This is an urbanization of large houses, with their brown bricks, their gardens and swimming pools. But unlike the rest of the houses, the number 10 of the street does not welcome a family. A basketball rests at the entrance, where there is a barbecue ready to act as soon as this suffocating heat subsides. After half past ten in the morning, everyone is on the move. Each one has chosen when he took a shower, at what time he ate breakfast and what he ate. Nothing special, it might seem. The reality is that it is for these eight tenants, people with autism who have great support needs, most of them with behavioral disorders. A group unfortunately accustomed to being decided for them. Three of the eight come from residences, there were shared rooms, rigid schedules, pre-established menus and activities, and many more people. Now they live as roommates, always with support staff.
From the street, on the other side of the fence, you can hear. “Where are we going? To home. Where are we going? To home”. With the same intonation, almost musical, Mario Monsálvez repeats this phrase over and over again from the garden. When visitors enter the plot, the 27-year-old greets and quickly enters the house. A stone path leads to the door. Inside, the lowered blinds in the living room protect from the sun. Yago Arnesto, 41, is the veteran. He prefers to be here, she ditches as he shrugs. A little over a year ago he lived in a residence. In April 2021 he made the opposite path to the one that so many people walk: from a center he went to this house, which is now his. He answers with short phrases, and in this way he slips the keys to his new life. “Now I am going to do the shopping”, he explains, “I choose my food”, “I buy myself Neapolitan ham and cheese”. He loves to eat them for breakfast. In this way he also says, without saying so, that if before he ate a menu designed for a hundred people, now it is they, together with the workers, who prepare the food.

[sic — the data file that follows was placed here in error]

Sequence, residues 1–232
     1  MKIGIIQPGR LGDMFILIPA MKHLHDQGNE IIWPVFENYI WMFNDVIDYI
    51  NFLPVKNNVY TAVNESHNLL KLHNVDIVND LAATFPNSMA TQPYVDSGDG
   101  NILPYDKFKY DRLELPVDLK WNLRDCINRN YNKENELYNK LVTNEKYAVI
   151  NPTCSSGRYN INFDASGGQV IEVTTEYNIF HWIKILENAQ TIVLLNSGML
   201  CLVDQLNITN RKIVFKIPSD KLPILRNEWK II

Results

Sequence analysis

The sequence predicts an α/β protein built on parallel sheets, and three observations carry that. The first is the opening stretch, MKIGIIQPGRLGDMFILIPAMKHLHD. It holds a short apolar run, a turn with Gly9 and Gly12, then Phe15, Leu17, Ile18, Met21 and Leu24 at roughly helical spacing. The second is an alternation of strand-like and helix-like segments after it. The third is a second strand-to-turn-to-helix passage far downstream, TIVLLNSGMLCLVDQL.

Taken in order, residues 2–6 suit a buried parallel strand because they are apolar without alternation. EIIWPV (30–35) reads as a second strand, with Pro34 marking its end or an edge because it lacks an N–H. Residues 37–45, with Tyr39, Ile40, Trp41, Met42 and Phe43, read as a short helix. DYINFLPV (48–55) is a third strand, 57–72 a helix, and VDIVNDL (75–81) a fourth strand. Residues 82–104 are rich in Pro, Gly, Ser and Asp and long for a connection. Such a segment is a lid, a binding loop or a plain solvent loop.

Yago Arnesto, resting in his bed, at his home in San Sebastián de los Reyes, part of the ‘Mi casa’ project. DAVID EXPOSITO
In Spain there are some 32,000 people with intellectual and developmental disabilities who live in residences, according to an estimate by the Plena Inclusion federation, which brings together 950 entities of family members and members of this group throughout the country. An estimate is used because there is no official figure. In 2017, after carrying out a study, they verified the few possibilities of social inclusion of those who most need support and the high tendency to live in centers, “often far from the community, without making their own decisions”, explains Sofía Reyes, responsible for the Mi casa project. Yago and Mario’s home, in a wealthy area of San Sebastián de los Reyes, in Madrid, is part of this initiative, one of the 20 deinstitutionalization pilot projects that the Ministry of Social Rights finances with European funds to test new ways of long-term care. That services are promoted in the home environment, that independent living be promoted.